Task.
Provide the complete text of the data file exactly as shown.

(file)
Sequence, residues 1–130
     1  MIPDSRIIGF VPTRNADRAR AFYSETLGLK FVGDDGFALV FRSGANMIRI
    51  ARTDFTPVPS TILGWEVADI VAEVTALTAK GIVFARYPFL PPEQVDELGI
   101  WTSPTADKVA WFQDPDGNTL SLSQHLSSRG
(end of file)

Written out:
Sequence, residues 1–130
     1  MIPDSRIIGF VPTRNADRAR AFYSETLGLK FVGDDGFALV FRSGANMIRI
    51  ARTDFTPVPS TILGWEVADI VAEVTALTAK GIVFARYPFL PPEQVDELGI
   101  WTSPTADKVA WFQDPDGNTL SLSQHLSSRG